How To Organize Your Children's Papers and Artwork, by Make Life Lovely

I love the special additions that she made to this amazingly organized binder system at Make Life Lovely.   You’ll want to check out how inspiring her finished product is!


Schoolwork Binders at The Idea Room.


Getting Organized with Keepsakes at A Bowl Full of Lemons


Back to School Binder with Free Printables at Martha Stewart

Method Four

One method that I came across and really loved was this idea to use Artist Portfolios. I especially like the idea of using these pre-made porfolios that allow you to store larger art pieces then a traditional binder would.  They also seem like they would be fairly easy to keep up with once you got the system into place, but could also end up taking up quite a bit of space depending on how well you purged your selections before storing them.


I love this idea of using an expandable art portfolio from A Thoughtful Place Blog


DIY Artist Portfolios at Modern Parents Messy Kids

Method Five

The final method I came across for organizing and storing children’s school work was using a scanner and creating a digital scrapbook album of you children’s work. I absolutely love how gorgeous the finished product looks, and the books are definitely small enough that they are easy to store while also allowing for maximum viewing.  But I’m not sure about actually getting rid of all the physical pieces.  Isn’t there something special about actually holding the object in your hand?? It’s like that whole debate about books versus E-readers.  There is something different about holding the actual object then having a digital image of it.  While I love the gorgeous appeal of these types of scrapbooks, the jury is still out for me on whether I could actually purge the real-life-artwork.  I might have to keep both the album and the original!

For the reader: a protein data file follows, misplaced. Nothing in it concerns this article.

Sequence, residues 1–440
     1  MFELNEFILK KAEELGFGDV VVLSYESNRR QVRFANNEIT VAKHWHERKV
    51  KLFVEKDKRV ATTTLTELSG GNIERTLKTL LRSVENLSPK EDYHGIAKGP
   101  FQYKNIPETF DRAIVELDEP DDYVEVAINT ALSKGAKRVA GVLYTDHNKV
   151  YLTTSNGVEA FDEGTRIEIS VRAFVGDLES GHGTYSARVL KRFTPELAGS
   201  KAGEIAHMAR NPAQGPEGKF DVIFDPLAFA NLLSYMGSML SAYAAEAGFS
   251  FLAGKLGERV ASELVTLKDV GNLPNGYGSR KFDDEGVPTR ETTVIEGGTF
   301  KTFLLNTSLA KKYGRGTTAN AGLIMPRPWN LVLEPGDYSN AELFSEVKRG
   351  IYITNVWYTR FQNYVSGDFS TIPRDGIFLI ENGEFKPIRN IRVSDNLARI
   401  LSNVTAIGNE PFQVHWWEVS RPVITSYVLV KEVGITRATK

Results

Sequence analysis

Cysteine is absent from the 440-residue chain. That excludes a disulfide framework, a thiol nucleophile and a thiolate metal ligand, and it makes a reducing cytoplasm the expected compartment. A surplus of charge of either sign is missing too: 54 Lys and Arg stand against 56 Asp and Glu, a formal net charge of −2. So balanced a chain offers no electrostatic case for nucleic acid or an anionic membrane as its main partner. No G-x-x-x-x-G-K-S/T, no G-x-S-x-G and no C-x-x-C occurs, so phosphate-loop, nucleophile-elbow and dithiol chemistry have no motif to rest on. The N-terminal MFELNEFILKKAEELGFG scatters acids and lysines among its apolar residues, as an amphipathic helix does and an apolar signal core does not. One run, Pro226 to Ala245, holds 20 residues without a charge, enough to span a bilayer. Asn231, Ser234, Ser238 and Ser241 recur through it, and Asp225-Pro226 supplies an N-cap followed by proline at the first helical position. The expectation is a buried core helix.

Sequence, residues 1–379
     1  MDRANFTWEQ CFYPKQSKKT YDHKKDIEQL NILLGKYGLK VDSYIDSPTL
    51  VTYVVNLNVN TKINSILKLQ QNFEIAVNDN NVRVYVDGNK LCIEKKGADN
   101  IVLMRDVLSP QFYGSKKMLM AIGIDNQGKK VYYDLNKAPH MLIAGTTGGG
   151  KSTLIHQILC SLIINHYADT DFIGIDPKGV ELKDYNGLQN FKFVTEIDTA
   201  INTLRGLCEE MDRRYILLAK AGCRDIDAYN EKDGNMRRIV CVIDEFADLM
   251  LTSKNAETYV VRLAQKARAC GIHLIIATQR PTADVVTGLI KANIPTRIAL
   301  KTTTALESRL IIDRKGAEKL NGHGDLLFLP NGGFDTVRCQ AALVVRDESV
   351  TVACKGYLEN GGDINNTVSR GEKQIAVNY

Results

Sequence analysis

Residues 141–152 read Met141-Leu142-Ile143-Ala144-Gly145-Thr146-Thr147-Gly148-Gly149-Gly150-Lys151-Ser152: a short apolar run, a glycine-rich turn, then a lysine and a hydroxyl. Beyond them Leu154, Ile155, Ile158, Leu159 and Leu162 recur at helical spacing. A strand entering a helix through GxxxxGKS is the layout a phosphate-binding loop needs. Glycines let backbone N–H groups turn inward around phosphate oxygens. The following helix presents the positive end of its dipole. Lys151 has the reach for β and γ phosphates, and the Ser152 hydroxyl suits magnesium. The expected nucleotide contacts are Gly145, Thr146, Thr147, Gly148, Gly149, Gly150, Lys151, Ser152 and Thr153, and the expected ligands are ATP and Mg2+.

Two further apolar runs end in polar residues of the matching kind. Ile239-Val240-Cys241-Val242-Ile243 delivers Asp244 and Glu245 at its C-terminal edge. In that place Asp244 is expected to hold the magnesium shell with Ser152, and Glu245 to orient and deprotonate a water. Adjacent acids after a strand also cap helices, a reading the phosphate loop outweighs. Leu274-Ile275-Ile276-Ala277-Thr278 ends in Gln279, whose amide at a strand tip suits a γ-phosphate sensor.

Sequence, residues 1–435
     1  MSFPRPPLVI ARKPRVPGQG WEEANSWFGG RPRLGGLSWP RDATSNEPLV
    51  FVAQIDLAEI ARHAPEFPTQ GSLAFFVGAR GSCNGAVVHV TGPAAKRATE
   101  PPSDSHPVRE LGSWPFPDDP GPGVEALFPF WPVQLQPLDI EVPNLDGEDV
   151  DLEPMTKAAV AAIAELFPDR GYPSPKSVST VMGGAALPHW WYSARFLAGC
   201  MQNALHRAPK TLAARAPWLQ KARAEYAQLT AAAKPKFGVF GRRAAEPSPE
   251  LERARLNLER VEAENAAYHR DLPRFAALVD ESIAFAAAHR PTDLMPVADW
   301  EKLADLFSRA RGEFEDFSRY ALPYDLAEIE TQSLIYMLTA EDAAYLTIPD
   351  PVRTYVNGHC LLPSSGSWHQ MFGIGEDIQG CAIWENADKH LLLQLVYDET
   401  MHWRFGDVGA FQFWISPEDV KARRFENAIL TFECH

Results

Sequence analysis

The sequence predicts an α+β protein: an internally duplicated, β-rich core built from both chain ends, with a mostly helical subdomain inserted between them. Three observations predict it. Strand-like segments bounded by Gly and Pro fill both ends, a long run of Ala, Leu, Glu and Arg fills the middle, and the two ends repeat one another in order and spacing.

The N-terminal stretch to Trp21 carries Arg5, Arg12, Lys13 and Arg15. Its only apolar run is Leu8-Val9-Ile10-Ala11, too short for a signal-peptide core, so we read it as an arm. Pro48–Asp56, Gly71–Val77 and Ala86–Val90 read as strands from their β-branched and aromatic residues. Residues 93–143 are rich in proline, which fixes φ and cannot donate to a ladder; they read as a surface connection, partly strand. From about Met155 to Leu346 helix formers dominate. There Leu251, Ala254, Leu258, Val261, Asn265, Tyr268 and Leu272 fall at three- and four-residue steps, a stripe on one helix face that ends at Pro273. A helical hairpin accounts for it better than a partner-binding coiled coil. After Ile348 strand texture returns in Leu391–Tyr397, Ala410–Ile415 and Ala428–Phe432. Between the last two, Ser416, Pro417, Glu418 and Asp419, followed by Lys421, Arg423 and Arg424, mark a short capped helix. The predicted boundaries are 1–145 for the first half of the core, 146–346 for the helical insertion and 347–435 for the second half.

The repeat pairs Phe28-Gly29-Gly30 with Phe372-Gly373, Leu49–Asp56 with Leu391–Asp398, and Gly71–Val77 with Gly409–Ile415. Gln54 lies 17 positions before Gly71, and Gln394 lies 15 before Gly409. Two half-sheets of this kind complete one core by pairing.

A Book of School Projects at Zig and Zag Blog


Kindergarten School Work Album at All For the Memories


Need more ideas for organizing and storing children’s school work?  Check out these Maids.com tips for organizing and celebrating your children’s artwork.  

Did you find a little inspiration??

This is awesome! Pin it to remember it!

Drowing in children's school work and artwork These are five awesome methods with five different examples of how to get it organized once and for all at thehappyhousie.com

Although I haven’t quite tackled this issue yet, I do think I have a much clearer idea of where to go with this issue… and  I think I’ve decided what will work best for our family.  I know that I’m ready to tackle this problem – it’s driving me bonkers!

But what do you think?  Any inspiring ideas??

Next time that I discuss this topic I promise I will be sharing my solution! {Wish me luck on the process}

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Disclosure: Thanks to Maid.com for inspiring me to find a solution to this organizational challenge that continues to plague our home!

This is an excerpt from the article 15 Fantastic Ideas for Organizing and Storing Children’s School Work which originally appeared on http://thehappyhousie.com/.